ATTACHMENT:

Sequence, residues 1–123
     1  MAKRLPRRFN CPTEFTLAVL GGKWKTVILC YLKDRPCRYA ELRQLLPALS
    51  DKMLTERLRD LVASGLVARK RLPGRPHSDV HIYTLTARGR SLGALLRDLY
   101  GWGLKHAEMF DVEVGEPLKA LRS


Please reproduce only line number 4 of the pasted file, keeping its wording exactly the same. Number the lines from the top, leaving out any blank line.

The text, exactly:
   101  GWGLKHAEMF DVEVGEPLKA LRS